, Volume 8, Issue 5, pp 347-352

Chronic cluster headache: New and emerging treatment options

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Abstract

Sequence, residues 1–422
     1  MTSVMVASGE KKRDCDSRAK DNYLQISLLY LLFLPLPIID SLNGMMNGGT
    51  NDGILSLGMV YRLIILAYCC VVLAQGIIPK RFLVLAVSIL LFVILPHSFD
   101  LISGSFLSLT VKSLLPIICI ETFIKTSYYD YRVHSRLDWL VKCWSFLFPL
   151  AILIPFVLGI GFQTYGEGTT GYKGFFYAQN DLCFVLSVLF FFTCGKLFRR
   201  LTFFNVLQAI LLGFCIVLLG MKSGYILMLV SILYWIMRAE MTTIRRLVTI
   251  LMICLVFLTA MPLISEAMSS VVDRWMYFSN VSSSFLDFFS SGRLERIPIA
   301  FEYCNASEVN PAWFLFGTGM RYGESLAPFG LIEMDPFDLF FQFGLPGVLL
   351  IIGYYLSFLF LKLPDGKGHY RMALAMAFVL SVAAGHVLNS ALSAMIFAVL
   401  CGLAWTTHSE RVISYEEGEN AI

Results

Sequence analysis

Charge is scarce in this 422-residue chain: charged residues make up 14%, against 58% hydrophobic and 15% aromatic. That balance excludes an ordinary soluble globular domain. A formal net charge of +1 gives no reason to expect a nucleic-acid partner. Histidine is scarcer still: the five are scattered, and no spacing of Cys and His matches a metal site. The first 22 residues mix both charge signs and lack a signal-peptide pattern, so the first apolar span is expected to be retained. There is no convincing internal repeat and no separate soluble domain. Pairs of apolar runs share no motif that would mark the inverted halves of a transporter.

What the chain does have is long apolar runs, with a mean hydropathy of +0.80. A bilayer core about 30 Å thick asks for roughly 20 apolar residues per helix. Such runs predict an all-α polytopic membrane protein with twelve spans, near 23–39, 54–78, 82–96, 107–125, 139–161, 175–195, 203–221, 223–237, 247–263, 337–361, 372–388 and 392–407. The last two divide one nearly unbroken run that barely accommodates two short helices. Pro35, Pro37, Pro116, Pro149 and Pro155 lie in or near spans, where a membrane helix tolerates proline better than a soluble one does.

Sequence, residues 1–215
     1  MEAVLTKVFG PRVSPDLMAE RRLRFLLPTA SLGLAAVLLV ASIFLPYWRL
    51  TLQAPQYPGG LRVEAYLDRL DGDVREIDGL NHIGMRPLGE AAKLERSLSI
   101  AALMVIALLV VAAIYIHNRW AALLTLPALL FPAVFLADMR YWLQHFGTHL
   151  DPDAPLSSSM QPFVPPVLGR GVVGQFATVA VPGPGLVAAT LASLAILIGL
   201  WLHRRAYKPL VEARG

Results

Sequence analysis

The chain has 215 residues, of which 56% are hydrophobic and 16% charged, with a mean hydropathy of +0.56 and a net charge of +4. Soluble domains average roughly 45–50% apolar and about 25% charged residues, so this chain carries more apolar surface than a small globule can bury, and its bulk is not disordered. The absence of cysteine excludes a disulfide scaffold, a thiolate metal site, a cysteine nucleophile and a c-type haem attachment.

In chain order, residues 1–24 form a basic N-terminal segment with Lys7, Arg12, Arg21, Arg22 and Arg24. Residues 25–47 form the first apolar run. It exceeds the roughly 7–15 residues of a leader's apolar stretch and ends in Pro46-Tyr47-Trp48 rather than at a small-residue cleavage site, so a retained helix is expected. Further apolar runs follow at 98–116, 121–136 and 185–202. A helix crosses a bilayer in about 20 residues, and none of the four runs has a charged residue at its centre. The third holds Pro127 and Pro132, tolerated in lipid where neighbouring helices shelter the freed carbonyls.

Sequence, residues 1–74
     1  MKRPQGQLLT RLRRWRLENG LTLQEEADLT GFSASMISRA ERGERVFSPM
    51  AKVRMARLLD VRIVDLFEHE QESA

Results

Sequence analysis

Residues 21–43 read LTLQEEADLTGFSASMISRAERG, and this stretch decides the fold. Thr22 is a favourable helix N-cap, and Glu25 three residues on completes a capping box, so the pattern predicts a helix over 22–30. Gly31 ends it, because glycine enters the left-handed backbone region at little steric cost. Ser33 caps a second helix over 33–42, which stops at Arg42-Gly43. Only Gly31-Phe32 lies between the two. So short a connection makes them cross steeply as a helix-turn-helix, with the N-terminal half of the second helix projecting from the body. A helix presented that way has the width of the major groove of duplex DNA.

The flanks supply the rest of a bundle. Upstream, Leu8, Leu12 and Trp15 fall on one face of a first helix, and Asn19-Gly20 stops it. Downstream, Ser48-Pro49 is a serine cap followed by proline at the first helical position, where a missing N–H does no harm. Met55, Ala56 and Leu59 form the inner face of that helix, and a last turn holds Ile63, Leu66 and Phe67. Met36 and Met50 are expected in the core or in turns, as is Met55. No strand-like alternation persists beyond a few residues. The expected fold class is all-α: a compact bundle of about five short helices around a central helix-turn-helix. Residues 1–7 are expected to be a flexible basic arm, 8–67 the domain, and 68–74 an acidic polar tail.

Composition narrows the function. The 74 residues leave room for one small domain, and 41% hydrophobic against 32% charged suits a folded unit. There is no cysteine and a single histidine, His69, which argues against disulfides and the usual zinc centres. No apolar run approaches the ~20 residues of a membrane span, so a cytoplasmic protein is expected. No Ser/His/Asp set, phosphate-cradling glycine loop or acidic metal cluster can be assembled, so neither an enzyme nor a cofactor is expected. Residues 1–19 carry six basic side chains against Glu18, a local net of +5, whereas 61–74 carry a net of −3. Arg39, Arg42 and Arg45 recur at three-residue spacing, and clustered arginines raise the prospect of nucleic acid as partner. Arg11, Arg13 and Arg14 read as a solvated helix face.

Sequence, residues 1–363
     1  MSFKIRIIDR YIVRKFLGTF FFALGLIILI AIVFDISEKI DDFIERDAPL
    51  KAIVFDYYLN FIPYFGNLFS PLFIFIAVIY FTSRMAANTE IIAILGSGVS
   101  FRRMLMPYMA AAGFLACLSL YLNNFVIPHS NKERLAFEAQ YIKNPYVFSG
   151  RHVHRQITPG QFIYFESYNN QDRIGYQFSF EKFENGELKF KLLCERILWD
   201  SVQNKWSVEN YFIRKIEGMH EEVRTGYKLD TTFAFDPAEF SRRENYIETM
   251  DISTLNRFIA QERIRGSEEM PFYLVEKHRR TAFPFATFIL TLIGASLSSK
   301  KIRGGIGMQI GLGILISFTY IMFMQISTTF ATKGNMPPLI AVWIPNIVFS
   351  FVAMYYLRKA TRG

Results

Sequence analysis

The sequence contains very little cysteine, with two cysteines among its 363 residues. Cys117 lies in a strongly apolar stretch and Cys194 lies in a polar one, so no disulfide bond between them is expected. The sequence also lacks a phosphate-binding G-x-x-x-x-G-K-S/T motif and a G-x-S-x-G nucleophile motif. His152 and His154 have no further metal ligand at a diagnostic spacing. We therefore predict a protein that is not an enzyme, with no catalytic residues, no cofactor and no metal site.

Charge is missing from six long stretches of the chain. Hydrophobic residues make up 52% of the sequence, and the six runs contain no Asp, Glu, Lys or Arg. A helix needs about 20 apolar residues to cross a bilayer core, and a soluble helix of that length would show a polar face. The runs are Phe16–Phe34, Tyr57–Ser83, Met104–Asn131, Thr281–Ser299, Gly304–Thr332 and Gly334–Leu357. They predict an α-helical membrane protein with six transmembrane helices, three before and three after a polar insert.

Cluster headache (CH) is a primary headache syndrome characterized by short-lasting unilateral head pain attacks accompanied by ipsilateral oculofacial autonomic phenomena. Approximately 20% of CH patients have the chronic form and need continuous medical care. In the chronic form, attacks continue unabated for years, often on a daily basis, resulting in severe debilitation. It is a common experience that drug treatments are able to control or prevent the attacks in approximately 80% of chronic CH patients. In the remaining 20% of chronic cases, drugs are ineffective. Until recently, the etiology of CH was poorly understood and this hampered the development of new therapies. However, we have now gained a much improved understanding of the peripheral and central mechanisms giving rise to the pain in CH and this has inspired the development of new treatment approaches, which, although still in the initial phases of validation, appear to be very promising. Among these, the novel approach based on hypothalamic deep brain stimulation is one of the most promising.